The goal of precision medicine is to provide a personalized approach for the prevention, diagnosis, and treatment of disease. By taking an individual’s genetics, environment, lifestyle, and medical history into account, a unique and targeted treatment plan can be created.
The concept of precision medicine isn’t new though. An early example that we’re all familiar with is matching the blood type of a patient receiving a blood transfusion to that of a donor, rather than just choosing a donor at random.
This article looks at some of the ways AI is helping to transform precision medicine, with a particular focus on cancer treatment.
Precision medicine relies on global information gathered from vast amounts of complex data, and the quantity will continue to increase as personalized data from wearables, apps, and digital devices becomes ever more abundant.
AI has shown extraordinary potential to analyze these huge datasets quickly and accurately, and discover patterns that would be missed by the human eye. The resulting information, connecting patient data from around the world, has the power to revolutionize healthcare both for common and rare conditions.
Patient stratification is a critical challenge in any clinical trial – ensuring that the patient group being studied is diverse, yet reflective of the population that will benefit from the treatment being investigated.
AI can be employed to optimize patients into subgroups that represent those with a variety of genetic backgrounds and a particular pathogenesis, accurately separating patients that are more likely to respond to a treatment.
Clinical trials sometimes falter because the average response to a drug fails to meet the trial’s targets. If some people on the trial responded well to treatment, though, AI can find them within the existing trial data.
With the assistance of AI algorithms, it’s possible to automate everything from data entry to research analysis. As well as freeing up resources, diagnostic errors are reduced, and the most up-to-date research is made available to support clinician decision-making.
AI can also be leveraged to improve patient experience – from robotic nursing assistants and fall-prevention solutions, to intelligent speech and sentiment recognition for call centers.
Precision medicine is very much evident in cancer diagnosis and treatment. It can also help predict a genetic cancer risk, where a pattern can be seen within a family. Testing for the presence of an inherited gene can lead to, for example, a recommendation for regular or earlier screening, or even preventative surgery.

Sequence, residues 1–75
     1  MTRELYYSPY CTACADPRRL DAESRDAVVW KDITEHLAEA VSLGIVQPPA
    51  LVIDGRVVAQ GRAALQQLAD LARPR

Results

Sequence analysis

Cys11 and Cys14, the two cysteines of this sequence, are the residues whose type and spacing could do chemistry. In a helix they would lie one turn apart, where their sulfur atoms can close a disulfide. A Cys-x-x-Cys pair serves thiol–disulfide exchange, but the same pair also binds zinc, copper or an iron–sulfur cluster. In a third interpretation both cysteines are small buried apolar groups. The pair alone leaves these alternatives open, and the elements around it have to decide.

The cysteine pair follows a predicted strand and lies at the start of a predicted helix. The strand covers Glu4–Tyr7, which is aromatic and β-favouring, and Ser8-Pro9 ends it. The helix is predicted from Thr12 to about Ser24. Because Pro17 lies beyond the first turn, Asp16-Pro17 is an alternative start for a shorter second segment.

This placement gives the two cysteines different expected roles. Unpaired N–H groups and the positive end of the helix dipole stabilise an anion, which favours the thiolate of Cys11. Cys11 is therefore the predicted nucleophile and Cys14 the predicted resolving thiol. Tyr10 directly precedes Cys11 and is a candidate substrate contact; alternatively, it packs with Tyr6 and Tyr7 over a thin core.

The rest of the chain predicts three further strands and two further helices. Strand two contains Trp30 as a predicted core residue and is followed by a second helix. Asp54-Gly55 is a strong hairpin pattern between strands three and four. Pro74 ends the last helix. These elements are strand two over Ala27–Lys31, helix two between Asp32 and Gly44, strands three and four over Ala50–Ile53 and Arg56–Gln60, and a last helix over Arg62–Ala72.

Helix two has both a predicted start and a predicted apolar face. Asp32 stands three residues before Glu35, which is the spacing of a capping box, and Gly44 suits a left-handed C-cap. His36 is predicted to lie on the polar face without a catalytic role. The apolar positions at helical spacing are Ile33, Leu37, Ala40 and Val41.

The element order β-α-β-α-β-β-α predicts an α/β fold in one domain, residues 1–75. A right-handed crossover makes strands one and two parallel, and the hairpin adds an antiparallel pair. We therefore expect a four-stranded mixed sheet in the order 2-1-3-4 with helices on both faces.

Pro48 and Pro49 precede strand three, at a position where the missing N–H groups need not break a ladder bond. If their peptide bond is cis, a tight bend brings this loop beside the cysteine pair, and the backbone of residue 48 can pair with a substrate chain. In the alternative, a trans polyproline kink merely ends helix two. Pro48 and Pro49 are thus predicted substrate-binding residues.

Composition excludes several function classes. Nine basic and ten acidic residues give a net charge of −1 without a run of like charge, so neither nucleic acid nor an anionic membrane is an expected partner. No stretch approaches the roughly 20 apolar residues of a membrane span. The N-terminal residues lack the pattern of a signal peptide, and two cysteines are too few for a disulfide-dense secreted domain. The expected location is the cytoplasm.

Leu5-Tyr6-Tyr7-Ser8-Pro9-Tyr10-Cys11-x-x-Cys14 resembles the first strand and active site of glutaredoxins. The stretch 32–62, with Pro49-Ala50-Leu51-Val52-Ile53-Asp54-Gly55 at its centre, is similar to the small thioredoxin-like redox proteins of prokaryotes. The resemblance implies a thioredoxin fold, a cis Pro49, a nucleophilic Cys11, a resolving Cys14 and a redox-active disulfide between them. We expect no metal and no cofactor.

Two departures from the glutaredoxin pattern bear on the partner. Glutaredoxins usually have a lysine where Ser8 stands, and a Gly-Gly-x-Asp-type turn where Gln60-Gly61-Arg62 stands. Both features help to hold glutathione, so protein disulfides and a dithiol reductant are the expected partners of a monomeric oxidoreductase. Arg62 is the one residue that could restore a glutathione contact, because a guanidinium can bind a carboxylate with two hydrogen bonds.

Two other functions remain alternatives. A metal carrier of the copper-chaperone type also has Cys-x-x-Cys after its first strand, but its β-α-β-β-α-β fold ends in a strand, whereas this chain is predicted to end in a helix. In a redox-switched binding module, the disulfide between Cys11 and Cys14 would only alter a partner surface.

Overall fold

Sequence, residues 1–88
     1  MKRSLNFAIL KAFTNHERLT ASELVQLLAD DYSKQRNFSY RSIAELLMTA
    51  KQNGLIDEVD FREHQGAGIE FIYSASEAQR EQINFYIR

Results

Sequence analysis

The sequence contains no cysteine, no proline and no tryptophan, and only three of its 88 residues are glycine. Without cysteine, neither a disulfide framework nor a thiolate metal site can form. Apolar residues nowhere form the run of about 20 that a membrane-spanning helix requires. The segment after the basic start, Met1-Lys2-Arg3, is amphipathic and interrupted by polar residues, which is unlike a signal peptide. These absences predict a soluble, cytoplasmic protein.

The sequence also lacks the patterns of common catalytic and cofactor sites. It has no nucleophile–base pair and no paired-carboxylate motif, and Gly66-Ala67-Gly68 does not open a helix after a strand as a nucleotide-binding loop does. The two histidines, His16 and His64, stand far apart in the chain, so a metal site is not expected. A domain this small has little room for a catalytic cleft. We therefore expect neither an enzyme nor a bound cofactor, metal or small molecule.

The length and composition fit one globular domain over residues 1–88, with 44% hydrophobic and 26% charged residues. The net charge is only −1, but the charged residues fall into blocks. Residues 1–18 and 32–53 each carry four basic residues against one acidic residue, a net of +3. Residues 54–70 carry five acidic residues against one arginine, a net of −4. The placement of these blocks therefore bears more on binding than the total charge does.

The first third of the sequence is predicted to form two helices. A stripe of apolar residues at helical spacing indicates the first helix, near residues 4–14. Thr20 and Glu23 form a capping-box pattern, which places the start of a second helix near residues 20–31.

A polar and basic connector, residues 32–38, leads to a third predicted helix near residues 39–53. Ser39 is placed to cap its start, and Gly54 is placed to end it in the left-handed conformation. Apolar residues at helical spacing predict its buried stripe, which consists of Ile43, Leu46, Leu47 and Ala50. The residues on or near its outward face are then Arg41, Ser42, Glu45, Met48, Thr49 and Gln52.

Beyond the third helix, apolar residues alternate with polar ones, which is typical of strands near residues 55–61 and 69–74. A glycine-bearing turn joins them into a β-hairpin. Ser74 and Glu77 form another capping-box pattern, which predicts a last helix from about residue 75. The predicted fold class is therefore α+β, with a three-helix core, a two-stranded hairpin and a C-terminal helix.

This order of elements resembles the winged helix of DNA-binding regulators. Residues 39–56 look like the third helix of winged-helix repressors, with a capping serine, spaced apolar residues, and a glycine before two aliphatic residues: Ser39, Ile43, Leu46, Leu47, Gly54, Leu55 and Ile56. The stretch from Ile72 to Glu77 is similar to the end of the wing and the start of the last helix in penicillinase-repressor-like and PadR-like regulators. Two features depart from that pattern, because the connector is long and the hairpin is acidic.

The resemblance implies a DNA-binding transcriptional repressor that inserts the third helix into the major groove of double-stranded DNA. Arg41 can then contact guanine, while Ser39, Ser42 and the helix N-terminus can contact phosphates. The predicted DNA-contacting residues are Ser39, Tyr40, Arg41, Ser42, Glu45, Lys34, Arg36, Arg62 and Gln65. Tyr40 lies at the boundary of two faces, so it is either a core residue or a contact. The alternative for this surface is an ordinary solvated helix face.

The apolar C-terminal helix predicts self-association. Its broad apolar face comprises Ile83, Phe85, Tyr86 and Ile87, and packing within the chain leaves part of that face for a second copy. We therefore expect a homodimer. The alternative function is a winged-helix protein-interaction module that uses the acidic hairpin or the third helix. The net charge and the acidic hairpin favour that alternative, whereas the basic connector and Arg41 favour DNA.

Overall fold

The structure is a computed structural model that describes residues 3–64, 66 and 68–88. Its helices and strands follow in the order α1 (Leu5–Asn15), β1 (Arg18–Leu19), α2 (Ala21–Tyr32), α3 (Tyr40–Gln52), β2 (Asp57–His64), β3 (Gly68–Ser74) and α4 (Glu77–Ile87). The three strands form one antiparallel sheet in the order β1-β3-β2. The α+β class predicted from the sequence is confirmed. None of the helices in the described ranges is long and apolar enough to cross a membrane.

The same cancers don’t always respond to a treatment in the same way because they’ve occurred as a result of mutations to different genes. Melanoma can be caused by mutations in BRAF, NRAS, CDKN2A or NF1 genes, whereas breast cancer can be triggered by BRCA1, BRCA2 or other inherited genes mutating.
This is where precision medicine comes in. Biomarker testing of cancer cells identifies any gene or protein changes, and helps to anticipate how the body will break down, absorb, and utilize treatment drugs.
Several types of cancer, such as cervical, colorectal, and prostate, are curable if diagnosed and treated early, but mortality rates remain high because they lack effective screening and treatment methods.
AI can play a part in tumor screening, improving the detection rate of lesions, and making the screening method more effective. It also promotes the accuracy of diagnosis by helping to distinguish between true and false disease progression. And AI can calculate the advantages and disadvantages of each treatment option. So, through AI, tumors will be accurately diagnosed, staged, and classified, and patients will benefit from precision treatment.
One size doesn’t fit all in healthcare. How a disease or condition manifests itself in one person can be very different from how it looks in another. Each patient may have distinct symptoms and require different approaches to treatment in order to reach their healthiest outcome.
A personalized approach allows optimized screening and treatment for patients using their individual health profiles, rather than the blanket criteria currently used, such as age or sex. The potential for AI-powered precision medicine can’t be overstated.